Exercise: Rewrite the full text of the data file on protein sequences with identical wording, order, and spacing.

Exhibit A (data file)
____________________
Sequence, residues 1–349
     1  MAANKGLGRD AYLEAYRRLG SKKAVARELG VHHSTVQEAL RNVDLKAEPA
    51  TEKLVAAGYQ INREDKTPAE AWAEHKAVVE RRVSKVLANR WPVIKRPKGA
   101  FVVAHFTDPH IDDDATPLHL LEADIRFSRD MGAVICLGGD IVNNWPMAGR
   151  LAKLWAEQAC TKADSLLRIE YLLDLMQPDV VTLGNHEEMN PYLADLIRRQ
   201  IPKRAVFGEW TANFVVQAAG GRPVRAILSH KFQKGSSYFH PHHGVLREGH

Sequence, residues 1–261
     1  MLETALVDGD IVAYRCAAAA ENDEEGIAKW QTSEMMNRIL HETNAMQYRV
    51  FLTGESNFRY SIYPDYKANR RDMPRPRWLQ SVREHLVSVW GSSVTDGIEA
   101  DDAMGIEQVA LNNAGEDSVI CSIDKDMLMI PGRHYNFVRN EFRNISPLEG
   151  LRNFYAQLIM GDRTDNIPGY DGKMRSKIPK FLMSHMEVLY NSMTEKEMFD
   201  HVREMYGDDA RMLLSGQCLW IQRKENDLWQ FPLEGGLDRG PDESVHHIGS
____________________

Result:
Sequence, residues 1–349
     1  MAANKGLGRD AYLEAYRRLG SKKAVARELG VHHSTVQEAL RNVDLKAEPA
    51  TEKLVAAGYQ INREDKTPAE AWAEHKAVVE RRVSKVLANR WPVIKRPKGA
   101  FVVAHFTDPH IDDDATPLHL LEADIRFSRD MGAVICLGGD IVNNWPMAGR
   151  LAKLWAEQAC TKADSLLRIE YLLDLMQPDV VTLGNHEEMN PYLADLIRRQ
   201  IPKRAVFGEW TANFVVQAAG GRPVRAILSH KFQKGSSYFH PHHGVLREGH

Sequence, residues 1–261
     1  MLETALVDGD IVAYRCAAAA ENDEEGIAKW QTSEMMNRIL HETNAMQYRV
    51  FLTGESNFRY SIYPDYKANR RDMPRPRWLQ SVREHLVSVW GSSVTDGIEA
   101  DDAMGIEQVA LNNAGEDSVI CSIDKDMLMI PGRHYNFVRN EFRNISPLEG
   151  LRNFYAQLIM GDRTDNIPGY DGKMRSKIPK FLMSHMEVLY NSMTEKEMFD
   201  HVREMYGDDA RMLLSGQCLW IQRKENDLWQ FPLEGGLDRG PDESVHHIGS